Now, we have found a previously unreported binary backdoor we have named Win32/StealthFalcon. In this article, we disclose similarities between this binary backdoor and the PowerShell script with backdoor capabilities attributed to the Stealth Falcon group. We consider the similarities to be strong evidence that Win32/StealthFalcon was created by this group.
The Win32/StealthFalcon backdoor, which appears to have been created in 2015, allows the attacker to control the compromised computer remotely. We have seen a small number of targets in UAE, Saudi Arabia, Thailand, and the Netherlands; in the latter case, the target was a diplomatic mission of a Middle Eastern country. How the backdoor was distributed and executed on the target systems is beyond the scope of this investigation; our analysis focuses on its capabilities and its C&C communication.
In its communication with the C&C server, Win32/StealthFalcon uses the standard Windows component Background Intelligent Transfer Service (BITS), a rather unusual technique. BITS was designed to transfer large amounts of data without consuming a lot of network bandwidth, which it achieves by sending the data with throttled throughput so as not to affect the bandwidth needs of other applications. It is commonly used by updaters, messengers, and other applications designed to operate in the background. This means that BITS tasks are more likely to be permitted by host-based firewalls.
Compared with traditional communication via API functions, the BITS mechanism is exposed through a COM interface and thus harder for a security product to detect. Moreover, this design is reliable and stealthy. The transfer resumes automatically after being interrupted for reasons like a network outage, the user logging out, or a system rebootMoreover, because BITS adjusts the rate at which files are transferred based on the bandwidth available, the user has no reason for suspicion.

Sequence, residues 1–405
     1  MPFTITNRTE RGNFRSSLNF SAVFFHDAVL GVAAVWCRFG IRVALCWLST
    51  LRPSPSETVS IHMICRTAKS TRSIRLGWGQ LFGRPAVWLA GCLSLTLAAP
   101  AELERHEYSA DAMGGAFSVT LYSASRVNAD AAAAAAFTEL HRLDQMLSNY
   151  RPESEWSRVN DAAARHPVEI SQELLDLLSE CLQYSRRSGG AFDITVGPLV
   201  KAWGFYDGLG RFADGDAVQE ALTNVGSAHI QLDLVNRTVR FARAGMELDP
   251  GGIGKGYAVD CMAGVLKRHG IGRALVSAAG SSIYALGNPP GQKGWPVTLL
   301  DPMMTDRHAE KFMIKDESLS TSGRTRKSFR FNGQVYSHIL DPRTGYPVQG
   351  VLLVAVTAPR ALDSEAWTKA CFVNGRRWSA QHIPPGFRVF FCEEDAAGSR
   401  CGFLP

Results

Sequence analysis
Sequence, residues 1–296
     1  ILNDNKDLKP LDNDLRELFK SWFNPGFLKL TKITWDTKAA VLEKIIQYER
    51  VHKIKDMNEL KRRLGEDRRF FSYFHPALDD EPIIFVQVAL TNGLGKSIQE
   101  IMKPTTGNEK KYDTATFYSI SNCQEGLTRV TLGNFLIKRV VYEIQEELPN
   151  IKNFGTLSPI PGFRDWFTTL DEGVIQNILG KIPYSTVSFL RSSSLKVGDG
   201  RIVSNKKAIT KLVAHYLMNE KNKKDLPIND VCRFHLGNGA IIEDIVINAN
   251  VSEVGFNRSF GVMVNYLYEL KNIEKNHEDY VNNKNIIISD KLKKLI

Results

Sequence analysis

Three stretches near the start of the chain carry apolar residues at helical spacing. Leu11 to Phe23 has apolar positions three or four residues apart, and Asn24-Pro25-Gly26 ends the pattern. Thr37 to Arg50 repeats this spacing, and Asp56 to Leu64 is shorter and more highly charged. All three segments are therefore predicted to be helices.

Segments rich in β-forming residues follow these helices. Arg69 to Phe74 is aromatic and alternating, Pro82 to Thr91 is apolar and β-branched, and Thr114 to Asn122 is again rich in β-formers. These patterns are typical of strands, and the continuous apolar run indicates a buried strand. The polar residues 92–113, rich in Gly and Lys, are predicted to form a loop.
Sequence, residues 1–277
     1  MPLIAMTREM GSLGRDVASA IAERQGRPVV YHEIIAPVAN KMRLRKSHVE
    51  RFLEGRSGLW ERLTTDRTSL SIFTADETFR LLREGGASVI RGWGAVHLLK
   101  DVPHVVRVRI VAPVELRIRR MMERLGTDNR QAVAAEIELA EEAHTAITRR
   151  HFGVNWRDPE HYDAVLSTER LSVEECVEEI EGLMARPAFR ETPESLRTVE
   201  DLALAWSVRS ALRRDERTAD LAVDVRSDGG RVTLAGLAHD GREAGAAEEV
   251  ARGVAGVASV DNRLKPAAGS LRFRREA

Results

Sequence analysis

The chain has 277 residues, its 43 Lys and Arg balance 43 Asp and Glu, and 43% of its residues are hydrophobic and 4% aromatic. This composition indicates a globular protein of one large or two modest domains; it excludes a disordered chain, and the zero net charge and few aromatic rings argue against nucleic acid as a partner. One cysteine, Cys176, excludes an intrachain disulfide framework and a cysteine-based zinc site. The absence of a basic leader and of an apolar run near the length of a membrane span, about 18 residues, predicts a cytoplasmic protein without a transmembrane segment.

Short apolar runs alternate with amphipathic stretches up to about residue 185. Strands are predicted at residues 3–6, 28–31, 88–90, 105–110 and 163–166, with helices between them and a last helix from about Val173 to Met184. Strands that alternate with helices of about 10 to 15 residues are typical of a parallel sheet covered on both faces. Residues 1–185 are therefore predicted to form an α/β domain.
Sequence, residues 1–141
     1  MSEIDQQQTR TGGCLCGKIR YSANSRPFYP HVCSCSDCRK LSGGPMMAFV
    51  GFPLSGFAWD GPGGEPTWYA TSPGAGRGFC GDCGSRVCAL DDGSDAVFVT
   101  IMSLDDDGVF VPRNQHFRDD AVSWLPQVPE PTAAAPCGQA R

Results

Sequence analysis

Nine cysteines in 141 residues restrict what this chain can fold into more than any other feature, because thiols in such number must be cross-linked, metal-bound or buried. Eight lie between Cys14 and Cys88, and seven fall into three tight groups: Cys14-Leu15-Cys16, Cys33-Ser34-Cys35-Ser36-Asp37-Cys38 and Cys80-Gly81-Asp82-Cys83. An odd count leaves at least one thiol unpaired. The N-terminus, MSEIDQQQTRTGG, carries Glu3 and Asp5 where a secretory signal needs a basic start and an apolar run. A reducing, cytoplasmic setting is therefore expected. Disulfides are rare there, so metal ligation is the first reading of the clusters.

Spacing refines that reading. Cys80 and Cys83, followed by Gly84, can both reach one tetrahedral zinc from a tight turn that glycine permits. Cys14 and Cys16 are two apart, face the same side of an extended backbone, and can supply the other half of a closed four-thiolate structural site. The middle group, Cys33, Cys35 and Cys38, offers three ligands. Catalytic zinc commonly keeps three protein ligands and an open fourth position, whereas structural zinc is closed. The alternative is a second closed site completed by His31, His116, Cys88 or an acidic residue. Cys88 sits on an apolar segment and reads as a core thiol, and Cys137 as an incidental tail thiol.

Win32/StealthFalcon can switch the communication between two C&C servers whose addresses are stored in a registry key, along with other configuration values, and can be updated by one of the backdoor commands. In case the backdoor fails to reach out to its C&C servers, the backdoor removes itself from the compromised system after a preconfigured number of failed attempts.
Win32/StealthFalcon is a DLL file which, after execution, schedules itself as a task running on each user login. It only supports basic commands but displays a systematic approach to data collection, data exfiltration, employing further malicious tools, and updating its configuration.
Update configuration data
Execute the specified application
Write downloaded data to file
Prepare a file for exfiltration
Exfiltrate and delete files
Not implemented/no operation
Table 1. Backdoor commands
For example, the backdoor’s key capability, downloading and executing files, is achieved via regular checks for libraries named “win*.dll” or “std*.dll” in the directory the malware is executed from, and loading these libraries.
Furthermore, Win32/StealthFalcon collects files and prepares them for exfiltration by storing an encrypted copy with a hardcoded prefix in a temporary folder. It then regularly checks for such files and exfiltrates them automatically. After the files have been successfully exfiltrated, the malware safe-deletes all log files and collected files – before deleting the files, it rewrites them with random data – to prevent forensic analysis and recovery of the deleted data.